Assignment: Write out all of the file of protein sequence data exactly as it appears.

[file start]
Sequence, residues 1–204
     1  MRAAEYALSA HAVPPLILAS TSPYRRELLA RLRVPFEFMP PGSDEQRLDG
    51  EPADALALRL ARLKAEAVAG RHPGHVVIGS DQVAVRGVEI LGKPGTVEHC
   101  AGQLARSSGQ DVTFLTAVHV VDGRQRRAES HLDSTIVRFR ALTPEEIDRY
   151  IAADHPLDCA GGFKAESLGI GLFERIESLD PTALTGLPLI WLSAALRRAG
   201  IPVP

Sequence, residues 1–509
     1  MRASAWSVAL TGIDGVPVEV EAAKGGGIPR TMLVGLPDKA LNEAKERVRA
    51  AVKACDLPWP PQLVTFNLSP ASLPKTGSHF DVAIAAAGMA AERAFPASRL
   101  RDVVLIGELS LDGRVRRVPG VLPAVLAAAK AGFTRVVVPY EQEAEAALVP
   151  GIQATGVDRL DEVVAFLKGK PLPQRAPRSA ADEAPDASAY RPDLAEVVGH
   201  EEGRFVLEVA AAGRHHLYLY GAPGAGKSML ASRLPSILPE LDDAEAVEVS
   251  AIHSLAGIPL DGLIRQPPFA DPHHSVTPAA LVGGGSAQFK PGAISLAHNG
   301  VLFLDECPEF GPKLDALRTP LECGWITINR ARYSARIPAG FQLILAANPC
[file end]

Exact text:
Sequence, residues 1–204
     1  MRAAEYALSA HAVPPLILAS TSPYRRELLA RLRVPFEFMP PGSDEQRLDG
    51  EPADALALRL ARLKAEAVAG RHPGHVVIGS DQVAVRGVEI LGKPGTVEHC
   101  AGQLARSSGQ DVTFLTAVHV VDGRQRRAES HLDSTIVRFR ALTPEEIDRY
   151  IAADHPLDCA GGFKAESLGI GLFERIESLD PTALTGLPLI WLSAALRRAG
   201  IPVP

Sequence, residues 1–509
     1  MRASAWSVAL TGIDGVPVEV EAAKGGGIPR TMLVGLPDKA LNEAKERVRA
    51  AVKACDLPWP PQLVTFNLSP ASLPKTGSHF DVAIAAAGMA AERAFPASRL
   101  RDVVLIGELS LDGRVRRVPG VLPAVLAAAK AGFTRVVVPY EQEAEAALVP
   151  GIQATGVDRL DEVVAFLKGK PLPQRAPRSA ADEAPDASAY RPDLAEVVGH
   201  EEGRFVLEVA AAGRHHLYLY GAPGAGKSML ASRLPSILPE LDDAEAVEVS
   251  AIHSLAGIPL DGLIRQPPFA DPHHSVTPAA LVGGGSAQFK PGAISLAHNG
   301  VLFLDECPEF GPKLDALRTP LECGWITINR ARYSARIPAG FQLILAANPC